Category Archives: Husband

My Insulin is Artisanal Water.


Oh hi. I’m still alive, just buried under work and anatomy books. I came out of hibernation to vent! Isn’t that fun!?

It’s been one of those (14) days where I want to take a large hammer to my insulin pump. It feels like my average blood sugar has been 1,000 mg/dl. On the real, I’m holding steady in the 170’s at the lowest — usually in the 200’s. I have brief periods where I see 140 and below.. but brief is the operative word. I increase my basal rates and bolus extra to no avail. Last night, my CGM said I was 80 with double arrows down, and I didn’t even flinch. I knew it wouldn’t last.

I hear you asking: did you change your sites? How about new insulin? Change the location of your sites to avoid scar tissue? Increase your basal? Exercise? Are you eating right? Drinking enough water?

Yes, yes, yes, yes, yes, yes.

I’ve done it all! I threw away a half vial of precious insulin, I’ve gone through a pump set every two days (and I’ve put my set basically everywhere except my side boob and my forehead). I have very few options left to consider, it seems like (and thank you to my dear friend for troubleshooting with me this morning).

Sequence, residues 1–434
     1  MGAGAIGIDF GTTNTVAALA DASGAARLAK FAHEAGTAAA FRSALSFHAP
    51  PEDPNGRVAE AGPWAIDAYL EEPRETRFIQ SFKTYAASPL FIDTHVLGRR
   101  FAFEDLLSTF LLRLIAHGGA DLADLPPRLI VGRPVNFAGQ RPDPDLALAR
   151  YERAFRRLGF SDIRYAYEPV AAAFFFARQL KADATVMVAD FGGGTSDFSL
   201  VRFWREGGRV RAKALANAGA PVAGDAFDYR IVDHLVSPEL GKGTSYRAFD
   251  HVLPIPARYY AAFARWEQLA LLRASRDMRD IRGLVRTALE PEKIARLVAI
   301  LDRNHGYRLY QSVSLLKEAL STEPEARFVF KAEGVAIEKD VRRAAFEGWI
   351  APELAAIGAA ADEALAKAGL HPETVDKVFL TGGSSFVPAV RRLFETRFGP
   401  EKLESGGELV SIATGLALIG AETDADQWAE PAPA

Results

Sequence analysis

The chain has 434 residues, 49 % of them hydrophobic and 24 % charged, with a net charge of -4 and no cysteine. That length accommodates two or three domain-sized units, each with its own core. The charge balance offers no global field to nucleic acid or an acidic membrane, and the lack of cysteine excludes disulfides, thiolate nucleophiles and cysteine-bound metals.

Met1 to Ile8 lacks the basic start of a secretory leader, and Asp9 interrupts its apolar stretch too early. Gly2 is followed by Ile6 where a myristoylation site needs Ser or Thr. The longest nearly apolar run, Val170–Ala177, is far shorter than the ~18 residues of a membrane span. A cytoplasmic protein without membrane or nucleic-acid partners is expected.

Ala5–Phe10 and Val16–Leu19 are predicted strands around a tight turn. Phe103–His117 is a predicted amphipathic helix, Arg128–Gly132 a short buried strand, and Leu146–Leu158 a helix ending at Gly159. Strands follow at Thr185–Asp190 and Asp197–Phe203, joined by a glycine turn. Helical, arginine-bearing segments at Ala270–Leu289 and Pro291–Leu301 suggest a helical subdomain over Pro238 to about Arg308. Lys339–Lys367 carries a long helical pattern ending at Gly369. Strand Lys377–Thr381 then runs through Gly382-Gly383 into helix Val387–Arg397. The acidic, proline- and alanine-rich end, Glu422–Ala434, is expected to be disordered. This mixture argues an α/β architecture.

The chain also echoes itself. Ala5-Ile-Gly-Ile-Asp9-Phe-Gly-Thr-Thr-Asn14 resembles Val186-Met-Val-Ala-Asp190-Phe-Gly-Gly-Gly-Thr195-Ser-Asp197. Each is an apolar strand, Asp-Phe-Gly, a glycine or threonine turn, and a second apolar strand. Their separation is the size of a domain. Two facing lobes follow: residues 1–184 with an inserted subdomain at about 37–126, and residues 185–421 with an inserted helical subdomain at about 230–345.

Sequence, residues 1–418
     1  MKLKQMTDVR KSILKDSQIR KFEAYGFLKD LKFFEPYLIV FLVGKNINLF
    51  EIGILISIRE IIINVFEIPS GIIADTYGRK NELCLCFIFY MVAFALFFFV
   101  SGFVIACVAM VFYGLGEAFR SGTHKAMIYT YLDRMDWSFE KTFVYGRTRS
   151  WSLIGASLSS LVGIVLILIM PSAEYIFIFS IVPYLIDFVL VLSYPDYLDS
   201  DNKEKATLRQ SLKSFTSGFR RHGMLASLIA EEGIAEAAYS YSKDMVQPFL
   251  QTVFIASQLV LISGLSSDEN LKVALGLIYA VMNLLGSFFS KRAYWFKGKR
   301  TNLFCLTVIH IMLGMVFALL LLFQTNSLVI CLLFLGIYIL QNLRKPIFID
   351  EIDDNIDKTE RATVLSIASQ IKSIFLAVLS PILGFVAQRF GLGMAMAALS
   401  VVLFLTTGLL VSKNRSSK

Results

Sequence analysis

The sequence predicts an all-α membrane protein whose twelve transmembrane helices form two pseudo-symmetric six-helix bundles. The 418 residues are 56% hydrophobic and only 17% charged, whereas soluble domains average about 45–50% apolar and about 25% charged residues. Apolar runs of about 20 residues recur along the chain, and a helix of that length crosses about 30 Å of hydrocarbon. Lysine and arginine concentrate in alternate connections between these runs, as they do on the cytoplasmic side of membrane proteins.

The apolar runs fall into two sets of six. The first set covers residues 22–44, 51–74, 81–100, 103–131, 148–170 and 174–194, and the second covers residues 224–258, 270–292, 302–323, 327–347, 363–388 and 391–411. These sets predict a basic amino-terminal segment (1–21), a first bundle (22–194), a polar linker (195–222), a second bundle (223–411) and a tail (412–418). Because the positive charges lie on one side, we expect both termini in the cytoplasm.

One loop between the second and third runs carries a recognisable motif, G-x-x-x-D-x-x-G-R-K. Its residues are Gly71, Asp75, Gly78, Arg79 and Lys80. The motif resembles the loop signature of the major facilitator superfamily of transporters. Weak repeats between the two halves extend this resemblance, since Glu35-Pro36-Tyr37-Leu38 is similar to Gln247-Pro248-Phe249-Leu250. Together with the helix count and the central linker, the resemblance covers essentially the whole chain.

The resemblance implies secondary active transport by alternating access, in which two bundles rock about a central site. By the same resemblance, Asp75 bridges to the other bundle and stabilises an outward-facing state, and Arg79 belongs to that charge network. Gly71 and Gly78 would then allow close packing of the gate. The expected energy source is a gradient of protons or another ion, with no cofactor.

• Husband’s theory: Insulin pump has gone AWOL. It’s delivering only half of what I tell it to give me. I feel like my pump is sophisticated enough to sense that, though. Plus — normally I can feel it when Animas boluses (because it injects at 75mph).
  • My most obvious theory: Basals need to be jacked up across the board. Seems odd to have happened all at once, but maybe it’s been happening more gradually than I’ve realized, and now I’m just frustrated. Today I’m rocking a 10% increase for 24 hours (and I’m still at 170 after bolusing extra for my peanut butter waffle this morning). I’ll try 20% tomorrow and then, *UGH*, some basal testing this weekend 🙂
  • My “I don’t even know if this is really a thing” theory: Have I developed antibodies to Novolog? Would my body be that cruel? I did some research and alas, this does seem to be an issue with some folks.